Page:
In the few short years I have been in endurance I have come to want a few things in the horse I ride. That does not mean that Quick is there yet, he had a lot of deep emotional and mental issues to work through. Foo did not.

First I want a horse that walks out of camp on a loose rein. One day she might get ot the point of racing with someone, but before that she MUST walk out on a loose rein.

Second, I want a horse that listens, that I can rate with just my seat on a loose rein. I know there are times when you need contact, but generally, loose rein and listening.

Third, I want a steady tempo. Especially with the longer distances the more consistent pace you have the better.

There are more, but that is what you can train into a horse...

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Wednesday, May 18, 2016

Great Britain: Enduring the elements! A first experience of Endurance riding - Full Story

May 16 2016
by Magic's rider

A well-executed event showcasing an exhilarating and technical sport which had the welfare of the horses at the heart of it...

Before actually attending my first endurance race my knowledge on the sport was minimal. I held three fairly rudimental opinions on what it entailed. Firstly competitive endurance riding was galloping flat out for hours on end. Secondly the majority of competitors in the UK were happy hackers. Lastly that the sport had been subjected to many years of negative press showing images of exhausted horses brought to their knees in foreign countries.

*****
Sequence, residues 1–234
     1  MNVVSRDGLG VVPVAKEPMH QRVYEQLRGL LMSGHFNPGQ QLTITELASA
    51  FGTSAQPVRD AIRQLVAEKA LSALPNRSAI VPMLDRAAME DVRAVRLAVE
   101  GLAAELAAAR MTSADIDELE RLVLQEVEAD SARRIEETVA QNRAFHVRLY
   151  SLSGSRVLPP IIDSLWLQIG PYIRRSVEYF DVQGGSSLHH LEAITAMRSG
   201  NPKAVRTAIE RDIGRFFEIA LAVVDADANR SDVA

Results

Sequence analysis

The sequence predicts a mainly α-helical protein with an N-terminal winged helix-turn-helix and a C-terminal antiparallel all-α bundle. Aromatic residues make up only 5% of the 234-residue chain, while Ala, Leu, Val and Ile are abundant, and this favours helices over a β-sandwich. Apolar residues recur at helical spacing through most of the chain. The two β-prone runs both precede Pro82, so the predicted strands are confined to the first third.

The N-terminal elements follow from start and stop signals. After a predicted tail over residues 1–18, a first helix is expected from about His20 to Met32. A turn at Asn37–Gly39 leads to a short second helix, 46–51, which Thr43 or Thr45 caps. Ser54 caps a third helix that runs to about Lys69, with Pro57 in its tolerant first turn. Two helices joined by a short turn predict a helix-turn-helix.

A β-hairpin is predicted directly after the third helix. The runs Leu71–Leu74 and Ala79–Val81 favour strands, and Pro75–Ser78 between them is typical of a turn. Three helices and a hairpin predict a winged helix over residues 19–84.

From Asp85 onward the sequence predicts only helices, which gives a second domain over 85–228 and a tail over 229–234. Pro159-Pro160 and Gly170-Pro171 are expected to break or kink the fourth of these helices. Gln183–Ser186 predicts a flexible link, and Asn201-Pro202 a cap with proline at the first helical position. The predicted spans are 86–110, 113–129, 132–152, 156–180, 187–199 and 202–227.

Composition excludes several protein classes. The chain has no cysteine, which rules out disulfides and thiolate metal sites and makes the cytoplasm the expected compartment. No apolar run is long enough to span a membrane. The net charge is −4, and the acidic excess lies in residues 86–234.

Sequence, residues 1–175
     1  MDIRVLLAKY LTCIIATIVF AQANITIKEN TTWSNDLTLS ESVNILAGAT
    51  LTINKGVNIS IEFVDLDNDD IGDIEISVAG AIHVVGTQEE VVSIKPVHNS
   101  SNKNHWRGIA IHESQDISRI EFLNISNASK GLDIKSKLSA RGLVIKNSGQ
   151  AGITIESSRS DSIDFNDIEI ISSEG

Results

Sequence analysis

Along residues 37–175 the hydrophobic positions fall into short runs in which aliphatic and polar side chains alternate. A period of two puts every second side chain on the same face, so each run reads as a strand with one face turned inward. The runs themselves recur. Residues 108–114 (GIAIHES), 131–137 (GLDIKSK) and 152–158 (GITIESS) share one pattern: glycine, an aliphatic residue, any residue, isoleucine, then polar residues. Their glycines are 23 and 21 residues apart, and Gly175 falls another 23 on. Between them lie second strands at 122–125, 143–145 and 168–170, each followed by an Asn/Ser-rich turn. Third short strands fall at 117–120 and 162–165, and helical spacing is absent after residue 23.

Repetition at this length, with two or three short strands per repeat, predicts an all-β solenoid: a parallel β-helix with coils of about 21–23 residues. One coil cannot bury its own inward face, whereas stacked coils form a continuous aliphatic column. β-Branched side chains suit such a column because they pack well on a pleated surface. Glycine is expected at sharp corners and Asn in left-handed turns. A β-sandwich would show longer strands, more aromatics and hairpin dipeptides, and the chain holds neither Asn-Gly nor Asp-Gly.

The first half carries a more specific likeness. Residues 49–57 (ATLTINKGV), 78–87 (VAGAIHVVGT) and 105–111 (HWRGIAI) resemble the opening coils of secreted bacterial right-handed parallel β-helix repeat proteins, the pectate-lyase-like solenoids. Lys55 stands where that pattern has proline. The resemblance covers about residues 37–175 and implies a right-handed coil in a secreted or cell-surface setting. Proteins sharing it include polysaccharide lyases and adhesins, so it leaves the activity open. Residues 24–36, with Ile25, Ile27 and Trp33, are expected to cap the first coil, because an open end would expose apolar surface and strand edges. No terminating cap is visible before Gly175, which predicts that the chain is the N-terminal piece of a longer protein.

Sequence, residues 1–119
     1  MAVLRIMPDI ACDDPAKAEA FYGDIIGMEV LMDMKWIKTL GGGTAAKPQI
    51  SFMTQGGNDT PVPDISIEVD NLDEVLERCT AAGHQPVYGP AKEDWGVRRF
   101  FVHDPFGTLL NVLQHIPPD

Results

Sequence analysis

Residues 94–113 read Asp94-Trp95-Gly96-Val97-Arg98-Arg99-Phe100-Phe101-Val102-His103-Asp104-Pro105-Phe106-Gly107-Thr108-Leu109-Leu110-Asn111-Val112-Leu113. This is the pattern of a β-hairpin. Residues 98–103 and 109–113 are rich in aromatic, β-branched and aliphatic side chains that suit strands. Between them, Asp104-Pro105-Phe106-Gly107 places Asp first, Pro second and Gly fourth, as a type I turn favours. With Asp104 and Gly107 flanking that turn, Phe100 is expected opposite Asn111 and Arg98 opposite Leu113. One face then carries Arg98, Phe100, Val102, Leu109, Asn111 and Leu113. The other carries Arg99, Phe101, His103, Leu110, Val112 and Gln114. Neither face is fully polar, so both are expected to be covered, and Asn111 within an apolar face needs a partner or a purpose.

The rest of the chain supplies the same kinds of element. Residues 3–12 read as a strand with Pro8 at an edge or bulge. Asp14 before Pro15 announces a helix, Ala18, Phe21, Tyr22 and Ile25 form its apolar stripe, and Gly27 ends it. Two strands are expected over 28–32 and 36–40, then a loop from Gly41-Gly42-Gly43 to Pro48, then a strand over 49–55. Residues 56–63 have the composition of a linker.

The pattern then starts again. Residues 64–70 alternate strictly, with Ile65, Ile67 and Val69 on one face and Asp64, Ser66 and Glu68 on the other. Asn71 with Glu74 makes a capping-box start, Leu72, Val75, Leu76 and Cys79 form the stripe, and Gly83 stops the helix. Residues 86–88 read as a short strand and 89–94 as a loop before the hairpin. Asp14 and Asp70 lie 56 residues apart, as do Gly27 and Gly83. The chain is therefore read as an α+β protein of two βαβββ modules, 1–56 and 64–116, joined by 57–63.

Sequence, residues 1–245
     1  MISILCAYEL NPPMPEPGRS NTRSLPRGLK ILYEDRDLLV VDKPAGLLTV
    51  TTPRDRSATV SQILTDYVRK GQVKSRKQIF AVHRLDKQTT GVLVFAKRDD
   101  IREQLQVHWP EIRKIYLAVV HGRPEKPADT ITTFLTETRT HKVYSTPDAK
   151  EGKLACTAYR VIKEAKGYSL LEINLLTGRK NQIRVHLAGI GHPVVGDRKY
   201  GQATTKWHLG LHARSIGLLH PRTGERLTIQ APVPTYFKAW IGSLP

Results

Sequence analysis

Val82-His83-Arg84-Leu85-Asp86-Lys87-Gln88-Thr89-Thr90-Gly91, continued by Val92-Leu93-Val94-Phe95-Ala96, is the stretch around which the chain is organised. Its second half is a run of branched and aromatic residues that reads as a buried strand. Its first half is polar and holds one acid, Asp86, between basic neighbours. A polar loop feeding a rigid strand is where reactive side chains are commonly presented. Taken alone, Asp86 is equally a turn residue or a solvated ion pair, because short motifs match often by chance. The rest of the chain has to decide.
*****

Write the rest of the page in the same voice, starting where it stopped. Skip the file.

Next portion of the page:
Given my rather crude presuppositions on endurance you might be asking yourself how I found myself volunteering at such an event. My livery yard abuts 600 acres of forest called “The Kings Forest”, situated about three miles from Bury St Edmunds in the heart of Suffolk. My yard is predominantly filled with hairy cobs and naughty natives but amongst these reside two very handsome and light footed Arab endurance horses who have been staying over the winter. Since their arrival I have been intrigued by these magnificent animals and what their “job” entails.

Each year two FEI endurance rides take place at The Kings Forest and our livery yard is utilised to provide FEI secure stabling. A week before the spring ride my yard manager opportunistically asked the liveries if anyone fancied helping one of the FEI riders who was low on crew – seemingly the only one not to have checked the weekend’s weather forecast I keenly volunteered.

So at some unearthly time in the morning I arrived at the yard to meet with Andrea Champ – the FEI rider who had somewhat unwittingly taken up my offer of help! Andrea had two horses competing over the weekend both entering their first FEI 1* race of 80km. Saturday was the turn on Magic ‘A touch of magic’ a ten year old Arab x Appaloosa – who seemed infinitely more excited about the early start than I did. Breakfast finished (for Magic) we loaded up to get to the race start...

Tuesday, May 10, 2016

Cache Creek 50 2016: One Tough Mudder - Aurora Grohman - Full Story

by Aurora Grohman
May 9 2016